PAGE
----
The ABCs of Death – Twenty-six letters in the English alphabet, twenty-six directors, twenty-six clever ways to die. For people who suddenly become very anxious and paranoid when they realize how vulnerable they really are, then this one is not for them, as it will most likely create a lot of sleepless nights. For those on the adventurous side, then there is enough here to really test your boundaries. We are less than ten weeks into the New Year, and already we have had a slew of movies that seem to do nothing more than test the limits of good taste. Too many writers and directors to list here. In limited theaters from Magnolia Pictures, and available already on VOD with a DVD release in May.
Dead Man Down – Eye for an eye leaves the whole world blind, or it leaves the hero standing tall soaked in blood. In a Hollywood movie, the blood-letting a ritual of purification, of a demon being excised. In European cinema, the blood is the blood of Lady Macbeth. It will never come out. Hopefully the director, Niels Arden Oplev, brings that level of pathos to screen with his American debut. Colin Farrell and Noomi Rapace are two people brought together with a mutual interest in Terence Howard’s character and the hell he has wrought on both of their lives. Dominic Cooper and Armand Assante also star and J.H.Wyman writes the script. Out in wide release from FilmDistrict.
Electrick Children – A quiet and secluded Mormon community in Utah is disrupted when Rachel (Julia Garner) becomes pregnant from listening to a rock n’ roll cassette. My Mother always warned me about the horrors of rock music and apparently she was right. Rachel’s parents arrange a marriage for Rachel, but she and her brother (Liam Aiken) skip town for Vegas and the mysterious singer on the tape. If you guessed that a visit to Las Vegas would open these two sheltered people’s eyes up to a whole new world, you would be correct! Rory Culkin, Billy Zane, Cynthia Watros, and Bill Sage co-star and Rebecca Thomas writes & directs her first feature. In limited release from Phase 4 Films. My review.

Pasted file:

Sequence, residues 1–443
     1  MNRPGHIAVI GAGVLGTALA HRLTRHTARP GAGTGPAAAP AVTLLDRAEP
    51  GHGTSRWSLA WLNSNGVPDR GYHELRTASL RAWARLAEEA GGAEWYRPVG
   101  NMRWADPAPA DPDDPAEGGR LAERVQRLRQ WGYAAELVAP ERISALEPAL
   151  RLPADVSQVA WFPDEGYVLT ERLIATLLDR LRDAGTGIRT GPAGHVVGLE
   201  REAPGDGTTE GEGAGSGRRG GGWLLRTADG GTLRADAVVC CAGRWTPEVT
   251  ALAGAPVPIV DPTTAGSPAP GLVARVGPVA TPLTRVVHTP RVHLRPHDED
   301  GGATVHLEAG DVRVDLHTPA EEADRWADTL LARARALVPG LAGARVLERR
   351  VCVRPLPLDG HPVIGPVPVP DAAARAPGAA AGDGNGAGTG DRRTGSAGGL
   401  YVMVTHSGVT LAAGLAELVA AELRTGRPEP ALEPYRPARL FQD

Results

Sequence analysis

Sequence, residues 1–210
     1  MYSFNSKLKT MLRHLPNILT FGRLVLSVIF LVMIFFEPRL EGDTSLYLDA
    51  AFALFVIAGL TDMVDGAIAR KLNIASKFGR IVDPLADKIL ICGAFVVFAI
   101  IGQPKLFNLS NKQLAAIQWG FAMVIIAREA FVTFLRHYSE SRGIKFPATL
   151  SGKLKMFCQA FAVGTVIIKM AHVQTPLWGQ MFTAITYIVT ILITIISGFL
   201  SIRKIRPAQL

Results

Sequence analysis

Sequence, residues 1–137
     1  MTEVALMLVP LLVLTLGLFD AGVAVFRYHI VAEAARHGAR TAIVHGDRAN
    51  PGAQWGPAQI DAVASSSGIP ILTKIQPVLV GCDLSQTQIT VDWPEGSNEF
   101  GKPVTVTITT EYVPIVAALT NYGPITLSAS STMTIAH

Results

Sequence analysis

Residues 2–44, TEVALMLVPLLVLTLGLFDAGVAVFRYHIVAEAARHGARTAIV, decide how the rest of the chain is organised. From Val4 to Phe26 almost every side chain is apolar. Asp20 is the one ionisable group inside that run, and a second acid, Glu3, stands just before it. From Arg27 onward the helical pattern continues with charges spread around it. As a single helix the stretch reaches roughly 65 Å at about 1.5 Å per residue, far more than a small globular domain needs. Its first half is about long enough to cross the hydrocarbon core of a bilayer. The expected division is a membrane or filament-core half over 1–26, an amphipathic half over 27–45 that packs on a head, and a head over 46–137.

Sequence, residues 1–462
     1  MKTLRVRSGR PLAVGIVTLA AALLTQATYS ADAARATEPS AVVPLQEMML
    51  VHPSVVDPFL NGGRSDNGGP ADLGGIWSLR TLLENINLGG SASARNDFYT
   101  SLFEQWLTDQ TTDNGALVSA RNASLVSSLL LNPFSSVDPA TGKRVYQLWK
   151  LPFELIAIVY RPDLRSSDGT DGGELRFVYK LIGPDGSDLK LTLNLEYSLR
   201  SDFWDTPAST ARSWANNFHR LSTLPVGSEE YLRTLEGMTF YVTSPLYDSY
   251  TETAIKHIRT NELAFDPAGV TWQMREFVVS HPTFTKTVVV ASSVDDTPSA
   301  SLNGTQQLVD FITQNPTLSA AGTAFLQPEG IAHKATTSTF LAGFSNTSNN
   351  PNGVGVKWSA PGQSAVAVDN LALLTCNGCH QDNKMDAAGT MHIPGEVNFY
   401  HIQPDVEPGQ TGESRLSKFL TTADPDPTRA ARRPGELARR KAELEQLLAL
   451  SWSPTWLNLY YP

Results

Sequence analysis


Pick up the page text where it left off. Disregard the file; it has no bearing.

Emperor – The War is over, Japan has been defeated, American soldiers maintain control of the Japanese people, and an investigation is underway of Emperor Hirohito. If the Emperor ordered the attack on Pearl Harbor, General MacArthur would have to try him for War Crimes, a major risk considering that the Japanese people view the Emperor as a God, and would lay their lives on the line for him. MacArthur (Tommy Lee Jones) assigns General Bonner Fellers (Matthew Fox) to covertly research the issue before he confronts the Emperor (Toshiyuki Nishida). Written by Vera Blasi and directed by Peter Webber, this one sees a limited release from Roadside Attractions.
Greedy Lying Bastards – About a decade ago, people laughed at the idea of Global Warming and that it might have any impact on the safe and sacred American People. How dare they restrict our pollutants and tax companies that dump toxic waste into our drinking water? A couple of Katrinas and a few Super Storm Sandys later, and we are a little more apt to listen. Like everything else, corporate lobbyists paid off politicians to public debunk the idea of Global Warming, and look where that has gotten us. Nothing that you probably don’t know already: hottest summers on record in the history of recorded weather, floods, hurricanes, displacement, and a bunch of rich white guys claiming that it’s just natural rhythms. Craig Scott Rosebraugh directed the documentary and it’s out in limited release from One Earth Productions.